The J.D. Power Vehicle Dependability Study now in its 32nd year, measures the number of problems per 100 vehicles experienced during the past 12 months by original owners of three-year-old vehicles. It then uses this data to assign each vehicle brand a ‘PP100’ score, with a lower score reflecting a more reliable and less problem-prone vehicle.
The study asks survey respondents about 177 specific vehicle problems, which are grouped into eight major categories: audio/communication/entertainment/navigation (ACEN); engine/transmission; exterior; interior; features/controls/displays (FCD); driving experience; heating, ventilation and air conditioning; and seats. Because the study measures three-year old vehicles, the data from this year’s edition is based on the reliability of 2018 model year cars, trucks, crossovers and SUVs.
Leading the way among GM brands in this study are Buick and Cadillac, both of which experienced an average of 100 problems per 100 vehicles. Chevrolet lagged behind Buick and Cadillac with an average of 115 problems per 100 vehicles, although this was still well above the industry average 121 problems per 100 vehicles.
GMC was the poorest performing of the GM brands in this study. GMC owners reported an average of 143 problems per 100 vehicles, which placed it near the very bottom of the survey results.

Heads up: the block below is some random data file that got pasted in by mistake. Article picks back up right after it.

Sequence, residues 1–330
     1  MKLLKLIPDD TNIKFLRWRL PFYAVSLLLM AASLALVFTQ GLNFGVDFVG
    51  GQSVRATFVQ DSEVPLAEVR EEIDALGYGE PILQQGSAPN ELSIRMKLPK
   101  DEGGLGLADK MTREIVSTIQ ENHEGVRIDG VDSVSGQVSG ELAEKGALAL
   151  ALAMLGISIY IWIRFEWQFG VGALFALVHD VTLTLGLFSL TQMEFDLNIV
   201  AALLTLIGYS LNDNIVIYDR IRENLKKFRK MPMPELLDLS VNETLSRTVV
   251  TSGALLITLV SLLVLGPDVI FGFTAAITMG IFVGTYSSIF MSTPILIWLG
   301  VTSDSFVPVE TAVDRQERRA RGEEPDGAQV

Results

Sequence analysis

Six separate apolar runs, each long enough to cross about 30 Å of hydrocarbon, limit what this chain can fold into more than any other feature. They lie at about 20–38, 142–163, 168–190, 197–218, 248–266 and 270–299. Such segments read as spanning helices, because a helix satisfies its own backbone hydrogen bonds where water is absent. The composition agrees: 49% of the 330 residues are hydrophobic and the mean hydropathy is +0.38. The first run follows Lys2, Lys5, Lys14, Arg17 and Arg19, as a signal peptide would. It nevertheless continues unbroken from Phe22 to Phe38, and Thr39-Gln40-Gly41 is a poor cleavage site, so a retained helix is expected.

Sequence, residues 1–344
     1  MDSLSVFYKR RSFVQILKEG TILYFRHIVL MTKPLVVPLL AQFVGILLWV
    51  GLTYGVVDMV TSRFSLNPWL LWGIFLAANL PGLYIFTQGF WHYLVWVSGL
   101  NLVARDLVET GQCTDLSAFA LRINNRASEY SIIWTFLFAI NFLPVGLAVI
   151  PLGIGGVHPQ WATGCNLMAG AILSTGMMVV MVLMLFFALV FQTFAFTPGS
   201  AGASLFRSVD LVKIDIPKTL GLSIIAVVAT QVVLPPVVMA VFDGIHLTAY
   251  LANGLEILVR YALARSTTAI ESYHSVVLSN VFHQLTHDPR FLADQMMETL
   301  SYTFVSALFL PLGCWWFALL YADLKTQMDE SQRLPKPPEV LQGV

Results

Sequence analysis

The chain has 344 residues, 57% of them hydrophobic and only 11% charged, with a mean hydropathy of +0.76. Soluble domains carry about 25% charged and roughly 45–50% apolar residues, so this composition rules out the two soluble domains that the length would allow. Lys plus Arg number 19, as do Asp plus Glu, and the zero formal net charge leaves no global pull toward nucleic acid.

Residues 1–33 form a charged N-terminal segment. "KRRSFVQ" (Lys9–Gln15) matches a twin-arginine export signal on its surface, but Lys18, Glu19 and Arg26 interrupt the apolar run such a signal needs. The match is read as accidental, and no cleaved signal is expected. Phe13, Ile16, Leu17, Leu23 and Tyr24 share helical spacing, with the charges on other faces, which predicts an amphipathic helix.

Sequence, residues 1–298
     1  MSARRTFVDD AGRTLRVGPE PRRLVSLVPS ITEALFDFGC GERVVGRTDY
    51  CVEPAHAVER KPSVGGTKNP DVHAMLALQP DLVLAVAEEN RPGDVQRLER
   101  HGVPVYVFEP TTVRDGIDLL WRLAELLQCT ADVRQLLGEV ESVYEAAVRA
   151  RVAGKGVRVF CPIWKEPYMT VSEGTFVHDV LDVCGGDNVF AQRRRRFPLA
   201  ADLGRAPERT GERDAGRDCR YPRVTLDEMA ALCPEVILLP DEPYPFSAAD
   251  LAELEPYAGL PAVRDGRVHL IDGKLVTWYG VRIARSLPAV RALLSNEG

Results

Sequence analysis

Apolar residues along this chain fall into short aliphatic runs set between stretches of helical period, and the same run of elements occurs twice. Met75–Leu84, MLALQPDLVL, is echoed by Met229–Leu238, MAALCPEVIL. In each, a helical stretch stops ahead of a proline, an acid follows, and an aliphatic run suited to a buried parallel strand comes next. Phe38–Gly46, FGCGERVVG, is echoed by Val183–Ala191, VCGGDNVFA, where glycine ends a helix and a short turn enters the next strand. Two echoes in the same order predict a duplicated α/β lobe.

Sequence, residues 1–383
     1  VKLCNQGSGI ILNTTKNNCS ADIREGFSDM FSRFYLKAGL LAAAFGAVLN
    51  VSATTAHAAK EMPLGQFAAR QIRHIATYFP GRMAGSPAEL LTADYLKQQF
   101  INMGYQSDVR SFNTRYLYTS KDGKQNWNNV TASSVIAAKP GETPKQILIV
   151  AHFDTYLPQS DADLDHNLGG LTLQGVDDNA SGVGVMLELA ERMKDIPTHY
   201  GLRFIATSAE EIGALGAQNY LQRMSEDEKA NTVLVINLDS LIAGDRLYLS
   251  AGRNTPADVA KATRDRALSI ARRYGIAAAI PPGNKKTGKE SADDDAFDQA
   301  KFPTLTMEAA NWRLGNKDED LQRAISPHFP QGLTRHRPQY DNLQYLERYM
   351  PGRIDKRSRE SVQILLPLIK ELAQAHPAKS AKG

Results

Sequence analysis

The worst-performing brand in this study by far was Land Rover. Owners of the British marque’s vehicles experienced an average of 244 problems per 100 vehicles. This was significantly more than the next worst performing brand, Alfa Romeo, which experienced an average of 196 problems per 100 vehicles.
The top of the list, meanwhile, is populated by the usual suspects. Lexus leads the way with only 81 problems experienced per 100 vehicles, while Porsche was second with 86. Kia was the best-performing nonluxury brand with an average of 97 problems per 100 vehicles.
J.D. Power says that vehicles are becoming more reliable year-over-year and that is very uncommon for owners to experienced catastrophic mechanical failures with newer vehicles. That said, problems with regard to in-car entertainment and other technology remain, which continue to hamper some brands’ performance in the yearly Vehicle Dependability Study.
“Most owners aren’t experiencing their vehicles breaking down or falling apart but, for many, vehicle technology continues to function poorly or inconsistently,” concluded J.D. Power automotive vice president, Dave Sargent. “If an owner can’t rely on a system to work as they expect, it is also considered a lack of dependability. It affects their overall view of the vehicle and their likelihood of staying loyal to their automaker.”